Bringing your own tackle with you certainly enhances your guided fishing experience! It takes a little bit of preparation but is certainly worth the effort. These few hints will help make getting ready much simpler!


March through to December is the best time of year for fishing up here. Time of year can affect what’s on the bite, give us a call to discuss more 0431 427 129.


Weipa Sports Fishing are happy to put together guided fishing trip and accommodation packages for you. All you need to do is book your flights. Too easy!


We live and breathe fishing. If we aren’t out guiding guests, we’re out fishing ourselves. Call Lee today to talk fishing in Weipa on 0431 427 129.


Weipa fishing tackle. For best results, we certainly recommend bringing your own gear. Knowing how it works and feeling comfortable with it ahead of time, can mean the difference between landing and losing fish. It takes a little bit of preparation, but it’s certainly worth the effort.

Our guides are here to make your experience as memorable as possible, both before and during your stay. Make the most of their advice and assistance, to maximize your fishing adventure in Weipa and the Cape York. We’ve prepared the following tips, to help make getting ready that much simpler!


Apart from the baitcast and spin outfits already listed in the barramundi page, there are a couple of other combinations worth considering. A heavy spinning rod that can double as a jig or trolling stick is probably the most useful. A typical rod would be 7ft to 7ft 6in (2.1 to 2.5m) long, coupled with a heavy spin reel (5000 to 6000 size) loaded with 30 to 50 pound braid. Reels by Penn, Shimano and Daiwa with smooth drag systems are recommended.

Fly fishing around Weipa is some of the best in the country, as lots of satisfied clients will readily confirm. The ideal fly outfit would consist of a 9 weight rod and reel, loaded with a compatible intermediate sinking line and at least 150 metres of backing. Suitable flies include Clousers, Deceivers, Pink Things, Crabs and tuna patterns. Check with Lee for more detailed information if required on phone 0431 427 129.

There are thousands of lures out there and every guide has their favourites. Choosing some examples from different genres is recommended; some hard bodies including poppers to deep divers, some soft plastics (with different sized jig heads if required), some metal models for casting and jigging and also some vibes (both hard and soft). A good selection, will cover most scenarios.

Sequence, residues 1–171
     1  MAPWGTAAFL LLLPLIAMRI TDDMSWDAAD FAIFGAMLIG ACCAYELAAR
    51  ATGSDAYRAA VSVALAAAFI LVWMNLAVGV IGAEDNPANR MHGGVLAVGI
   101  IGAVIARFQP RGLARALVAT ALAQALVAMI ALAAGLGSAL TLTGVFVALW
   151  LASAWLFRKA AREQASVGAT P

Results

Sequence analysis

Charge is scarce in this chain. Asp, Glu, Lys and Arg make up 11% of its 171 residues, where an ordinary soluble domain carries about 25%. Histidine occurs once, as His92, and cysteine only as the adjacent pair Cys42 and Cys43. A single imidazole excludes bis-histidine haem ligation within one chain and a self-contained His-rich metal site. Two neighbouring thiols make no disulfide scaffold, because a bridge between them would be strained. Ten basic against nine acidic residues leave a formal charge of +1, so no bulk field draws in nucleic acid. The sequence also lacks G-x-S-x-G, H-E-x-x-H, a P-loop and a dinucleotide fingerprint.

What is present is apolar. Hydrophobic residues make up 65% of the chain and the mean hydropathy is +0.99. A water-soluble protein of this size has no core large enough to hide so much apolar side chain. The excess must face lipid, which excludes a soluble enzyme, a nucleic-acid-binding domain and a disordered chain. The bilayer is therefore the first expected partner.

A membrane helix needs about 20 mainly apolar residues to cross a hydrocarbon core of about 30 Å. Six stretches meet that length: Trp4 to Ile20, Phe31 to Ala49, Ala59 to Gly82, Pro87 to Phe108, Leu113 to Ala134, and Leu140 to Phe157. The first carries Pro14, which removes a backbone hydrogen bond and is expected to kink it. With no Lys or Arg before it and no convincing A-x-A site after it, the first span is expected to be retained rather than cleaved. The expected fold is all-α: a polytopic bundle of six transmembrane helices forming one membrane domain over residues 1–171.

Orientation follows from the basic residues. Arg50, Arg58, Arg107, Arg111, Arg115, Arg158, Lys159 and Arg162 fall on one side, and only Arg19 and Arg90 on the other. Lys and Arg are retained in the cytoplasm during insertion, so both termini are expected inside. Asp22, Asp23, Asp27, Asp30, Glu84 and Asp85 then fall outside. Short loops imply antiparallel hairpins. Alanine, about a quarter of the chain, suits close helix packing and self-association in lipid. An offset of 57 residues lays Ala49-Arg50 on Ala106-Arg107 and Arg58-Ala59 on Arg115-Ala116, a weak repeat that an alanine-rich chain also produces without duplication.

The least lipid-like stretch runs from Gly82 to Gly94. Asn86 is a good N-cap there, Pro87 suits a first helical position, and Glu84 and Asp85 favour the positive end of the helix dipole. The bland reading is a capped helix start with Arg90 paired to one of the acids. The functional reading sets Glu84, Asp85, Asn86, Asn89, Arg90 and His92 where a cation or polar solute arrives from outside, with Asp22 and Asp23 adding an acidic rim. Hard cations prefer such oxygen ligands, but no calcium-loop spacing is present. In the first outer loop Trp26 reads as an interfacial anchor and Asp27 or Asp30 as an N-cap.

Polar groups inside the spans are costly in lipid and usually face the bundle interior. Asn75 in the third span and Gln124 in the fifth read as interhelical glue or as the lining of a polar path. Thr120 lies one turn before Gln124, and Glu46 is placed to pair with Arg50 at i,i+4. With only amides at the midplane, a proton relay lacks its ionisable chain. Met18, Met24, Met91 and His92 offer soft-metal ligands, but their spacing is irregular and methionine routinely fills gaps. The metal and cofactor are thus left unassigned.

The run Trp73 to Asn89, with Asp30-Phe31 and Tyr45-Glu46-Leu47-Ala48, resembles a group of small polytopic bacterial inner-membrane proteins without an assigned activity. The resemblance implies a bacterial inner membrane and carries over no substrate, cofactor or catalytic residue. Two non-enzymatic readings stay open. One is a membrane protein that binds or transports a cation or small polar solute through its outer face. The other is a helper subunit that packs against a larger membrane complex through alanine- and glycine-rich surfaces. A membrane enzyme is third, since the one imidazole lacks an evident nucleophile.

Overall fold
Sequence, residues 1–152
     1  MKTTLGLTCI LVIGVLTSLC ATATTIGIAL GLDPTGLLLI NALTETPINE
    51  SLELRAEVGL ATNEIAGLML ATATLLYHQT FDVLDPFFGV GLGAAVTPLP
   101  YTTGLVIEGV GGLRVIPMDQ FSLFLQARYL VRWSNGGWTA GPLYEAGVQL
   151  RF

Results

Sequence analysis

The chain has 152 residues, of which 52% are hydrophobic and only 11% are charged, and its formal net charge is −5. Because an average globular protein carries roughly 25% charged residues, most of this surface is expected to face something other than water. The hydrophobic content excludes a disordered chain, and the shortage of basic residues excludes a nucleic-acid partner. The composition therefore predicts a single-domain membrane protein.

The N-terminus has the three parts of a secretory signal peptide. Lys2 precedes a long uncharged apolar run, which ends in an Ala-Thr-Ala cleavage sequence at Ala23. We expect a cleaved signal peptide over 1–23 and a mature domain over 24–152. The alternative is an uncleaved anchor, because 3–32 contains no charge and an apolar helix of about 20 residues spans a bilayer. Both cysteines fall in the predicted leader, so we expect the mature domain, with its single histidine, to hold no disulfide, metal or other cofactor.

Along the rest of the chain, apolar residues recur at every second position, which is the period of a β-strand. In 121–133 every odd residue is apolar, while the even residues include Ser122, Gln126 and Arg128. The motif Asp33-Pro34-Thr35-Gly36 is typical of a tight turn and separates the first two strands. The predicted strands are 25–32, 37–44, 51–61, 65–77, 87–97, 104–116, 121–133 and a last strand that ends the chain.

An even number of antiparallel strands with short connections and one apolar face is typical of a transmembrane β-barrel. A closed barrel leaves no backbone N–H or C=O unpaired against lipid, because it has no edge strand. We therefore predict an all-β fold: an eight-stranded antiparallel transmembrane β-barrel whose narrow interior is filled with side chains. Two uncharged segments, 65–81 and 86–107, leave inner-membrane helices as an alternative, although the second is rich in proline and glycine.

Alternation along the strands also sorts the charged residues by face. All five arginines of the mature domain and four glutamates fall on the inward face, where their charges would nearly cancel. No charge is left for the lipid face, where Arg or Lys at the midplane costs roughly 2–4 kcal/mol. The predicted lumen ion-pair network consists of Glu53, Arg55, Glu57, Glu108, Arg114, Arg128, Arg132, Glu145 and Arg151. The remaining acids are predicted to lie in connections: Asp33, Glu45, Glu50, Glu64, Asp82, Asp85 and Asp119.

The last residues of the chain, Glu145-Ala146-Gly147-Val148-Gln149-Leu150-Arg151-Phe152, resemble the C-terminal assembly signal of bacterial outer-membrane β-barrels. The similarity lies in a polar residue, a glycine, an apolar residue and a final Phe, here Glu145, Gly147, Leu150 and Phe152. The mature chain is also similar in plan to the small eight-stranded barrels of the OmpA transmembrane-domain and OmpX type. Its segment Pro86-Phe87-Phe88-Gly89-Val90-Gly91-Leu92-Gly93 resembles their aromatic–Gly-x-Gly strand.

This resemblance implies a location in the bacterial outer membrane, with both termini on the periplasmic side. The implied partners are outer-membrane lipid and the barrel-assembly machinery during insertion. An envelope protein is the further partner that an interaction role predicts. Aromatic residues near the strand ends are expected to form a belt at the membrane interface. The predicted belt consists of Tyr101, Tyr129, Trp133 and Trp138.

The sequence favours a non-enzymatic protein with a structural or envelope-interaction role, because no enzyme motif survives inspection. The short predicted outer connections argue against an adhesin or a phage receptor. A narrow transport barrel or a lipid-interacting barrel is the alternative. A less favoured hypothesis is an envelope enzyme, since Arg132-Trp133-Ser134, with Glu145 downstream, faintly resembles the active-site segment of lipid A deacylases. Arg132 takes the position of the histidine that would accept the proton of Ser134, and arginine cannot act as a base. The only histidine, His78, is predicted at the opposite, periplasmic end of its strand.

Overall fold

Many fishers bring their own accessories including leader line (40 and 60 pound monofilament best), large long nosed pliers, a sharp filleting knife, line scissors and small hand towel. Crushing the barbs on lures is also recommended to facilitate easy removal of the fish (and any humans) hooked!

Lures can be obtained from Weipa Sports Fishing on a ‘replacement cost if lost’ basis, while hooks and leader are available at no cost.


Airline baggage limitations and restrictions, security concerns and excess baggage costs mean that careful planning as to how you pack your gear can save you lots of worry at the airport.

Heightened security means that rods, lures, knives, pliers and sometimes even reels cannot be carried as cabin luggage.

Packing lures and other tools into flat tackle trays, rather than bringing an entire tackle box as extra luggage (with associated costs each way), is a good to move. Trays can be packed in a normal suitcase or duffel bag, along with reels.

Reels should be stored in soft bags, then placed in the middle of clothing to further protect them from rough handling. Make sure they have been serviced, are running smoothly and the line is in good condition before you leave home. If there’s any doubt about your line, replace it immediately. Losing that fish of a lifetime through the failure of ‘old’ line can ruin a fishing trip!

Rods need to be protected in a cloth bag, then stored in a PVC tube to make sure they arrive in good condition. Jetstar has a limit of 2 metres on most internal flights, so only tubes less than this length will be carried. Qantas and Qantaslink flights do not have these length restrictions so longer tubes can be accommodated. If you are travelling with a party, try to store multiple rods in a single tube to minimize baggage costs. Bringing one large tackle box (as excess baggage) rather than several individuals is another option as far as tackle goes.

Contact Lee Weipa Sports Fishing for more information on 0431 427 129 or email